Though it is mostly safe, tap water might not be always free from issues. If you live in a countryside community where there is water contamination like pesticide run-off,  or if your water source is from an unregulated well, tap water might in that area is definitely not safe. You need to call your state drinking-water program or EPA to know the report and level of contamination of your local water.

If your report shows possible contaminants or health risks, your best solution is to use a home water filter which can do the job that your water supplies failed to do- ensuring safe and pure drinking water.

Water filters are best to have at times when your municipal water is experiencing contamination. They are also designed to work with municipally-treated water. Water filter companies produce high-end water purification technologies that can beat wat municipal water-treatment plants can’t do.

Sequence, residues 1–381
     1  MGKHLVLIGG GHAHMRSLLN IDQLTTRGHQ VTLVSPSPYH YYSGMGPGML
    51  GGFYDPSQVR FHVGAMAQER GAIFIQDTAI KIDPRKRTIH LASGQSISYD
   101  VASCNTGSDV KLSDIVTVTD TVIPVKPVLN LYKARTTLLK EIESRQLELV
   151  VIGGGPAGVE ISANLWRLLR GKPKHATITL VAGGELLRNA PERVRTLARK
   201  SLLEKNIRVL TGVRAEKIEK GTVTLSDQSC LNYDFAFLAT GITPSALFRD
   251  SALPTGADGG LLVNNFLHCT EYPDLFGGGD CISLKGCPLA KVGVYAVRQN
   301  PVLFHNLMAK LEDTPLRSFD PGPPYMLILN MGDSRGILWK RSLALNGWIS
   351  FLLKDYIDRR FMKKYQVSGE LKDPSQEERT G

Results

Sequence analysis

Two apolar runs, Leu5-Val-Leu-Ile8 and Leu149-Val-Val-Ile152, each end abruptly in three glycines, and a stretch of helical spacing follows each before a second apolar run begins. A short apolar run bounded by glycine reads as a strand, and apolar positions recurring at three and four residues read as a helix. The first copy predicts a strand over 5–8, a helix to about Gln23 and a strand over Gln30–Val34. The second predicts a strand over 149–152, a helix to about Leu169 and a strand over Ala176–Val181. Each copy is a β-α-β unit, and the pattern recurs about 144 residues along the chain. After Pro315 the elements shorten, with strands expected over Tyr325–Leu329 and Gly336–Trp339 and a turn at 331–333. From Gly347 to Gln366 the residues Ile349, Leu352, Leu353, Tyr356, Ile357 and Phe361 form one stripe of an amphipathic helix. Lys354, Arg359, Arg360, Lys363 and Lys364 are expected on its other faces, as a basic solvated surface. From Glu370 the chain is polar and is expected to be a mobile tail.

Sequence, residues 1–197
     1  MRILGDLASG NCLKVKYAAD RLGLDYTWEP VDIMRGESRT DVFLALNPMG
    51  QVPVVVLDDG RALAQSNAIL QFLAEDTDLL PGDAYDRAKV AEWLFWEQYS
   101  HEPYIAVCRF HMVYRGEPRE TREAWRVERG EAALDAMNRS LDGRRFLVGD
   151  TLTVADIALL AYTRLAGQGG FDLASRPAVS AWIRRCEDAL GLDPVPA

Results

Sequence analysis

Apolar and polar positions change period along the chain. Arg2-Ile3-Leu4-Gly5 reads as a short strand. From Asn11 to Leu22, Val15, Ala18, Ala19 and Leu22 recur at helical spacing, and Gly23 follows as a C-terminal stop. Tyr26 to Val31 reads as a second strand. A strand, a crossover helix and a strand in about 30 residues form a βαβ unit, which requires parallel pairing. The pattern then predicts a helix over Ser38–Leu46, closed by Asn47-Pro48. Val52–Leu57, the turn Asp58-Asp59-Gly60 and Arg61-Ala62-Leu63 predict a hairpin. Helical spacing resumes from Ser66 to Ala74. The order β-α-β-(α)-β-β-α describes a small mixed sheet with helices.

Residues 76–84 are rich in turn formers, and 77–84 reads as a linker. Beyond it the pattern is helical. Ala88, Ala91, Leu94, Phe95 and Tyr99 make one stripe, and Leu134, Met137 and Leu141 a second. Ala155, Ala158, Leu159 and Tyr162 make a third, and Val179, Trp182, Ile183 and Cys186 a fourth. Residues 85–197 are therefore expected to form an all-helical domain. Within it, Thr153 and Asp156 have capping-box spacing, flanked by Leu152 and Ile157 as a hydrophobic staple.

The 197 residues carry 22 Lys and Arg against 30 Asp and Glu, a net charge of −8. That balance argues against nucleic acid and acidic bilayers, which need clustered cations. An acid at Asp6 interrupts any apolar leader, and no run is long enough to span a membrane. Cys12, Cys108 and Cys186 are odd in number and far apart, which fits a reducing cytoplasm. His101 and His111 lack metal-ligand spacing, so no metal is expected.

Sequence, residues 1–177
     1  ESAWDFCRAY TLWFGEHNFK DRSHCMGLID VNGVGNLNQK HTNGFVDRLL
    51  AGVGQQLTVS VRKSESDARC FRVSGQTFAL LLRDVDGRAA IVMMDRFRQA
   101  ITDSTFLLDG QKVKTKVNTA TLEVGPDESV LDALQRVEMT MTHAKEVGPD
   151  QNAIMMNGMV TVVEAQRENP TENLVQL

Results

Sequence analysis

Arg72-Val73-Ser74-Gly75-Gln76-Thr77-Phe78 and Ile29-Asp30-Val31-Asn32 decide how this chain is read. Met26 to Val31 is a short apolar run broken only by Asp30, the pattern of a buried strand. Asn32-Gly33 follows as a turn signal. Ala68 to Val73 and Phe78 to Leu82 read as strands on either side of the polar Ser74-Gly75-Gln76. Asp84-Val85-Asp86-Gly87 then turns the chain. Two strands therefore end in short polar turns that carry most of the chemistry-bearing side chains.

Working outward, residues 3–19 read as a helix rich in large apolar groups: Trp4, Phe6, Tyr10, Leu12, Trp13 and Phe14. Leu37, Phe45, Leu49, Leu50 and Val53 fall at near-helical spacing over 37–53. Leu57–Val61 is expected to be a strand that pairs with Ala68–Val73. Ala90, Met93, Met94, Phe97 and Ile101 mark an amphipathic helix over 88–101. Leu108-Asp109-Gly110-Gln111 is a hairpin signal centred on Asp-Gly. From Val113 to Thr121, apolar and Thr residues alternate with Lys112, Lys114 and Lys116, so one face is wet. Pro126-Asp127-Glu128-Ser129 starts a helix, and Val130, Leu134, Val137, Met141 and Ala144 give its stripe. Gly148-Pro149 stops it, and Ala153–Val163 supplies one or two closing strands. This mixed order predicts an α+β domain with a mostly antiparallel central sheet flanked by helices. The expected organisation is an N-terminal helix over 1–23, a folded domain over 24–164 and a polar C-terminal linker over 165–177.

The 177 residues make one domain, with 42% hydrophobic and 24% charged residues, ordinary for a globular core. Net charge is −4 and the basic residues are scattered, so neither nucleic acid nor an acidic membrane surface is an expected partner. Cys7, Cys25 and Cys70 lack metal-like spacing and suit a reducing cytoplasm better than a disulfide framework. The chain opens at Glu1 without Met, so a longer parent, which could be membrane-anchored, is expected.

Also drinking filtered water is also more economical than drinking bottled water. Water filters don’t use energy. Filtered water from water filters is all the better option than bottled and tap water.

About the Author

image1 Jennifer Moran is the author and the social media manager at She has been working and passionate about writing for over four years. When she isn’t glued to a laptop screen, she spends time playing tennis, practicing yoga, and trying very hard not to sleep in the meditation. You can reach her at jennifer (at) the berkey (dot) com.

About the Author jmoran

Jennifer Moran is the author and the social media manager at The Berkey. She has been working and passionate about writing for over four years. When she isn’t glued to a laptop screen, she spends time playing tennis, practicing yoga, and trying very hard not to sleep in the meditation. You can reach her at jennifer (at) the berkey (dot) com.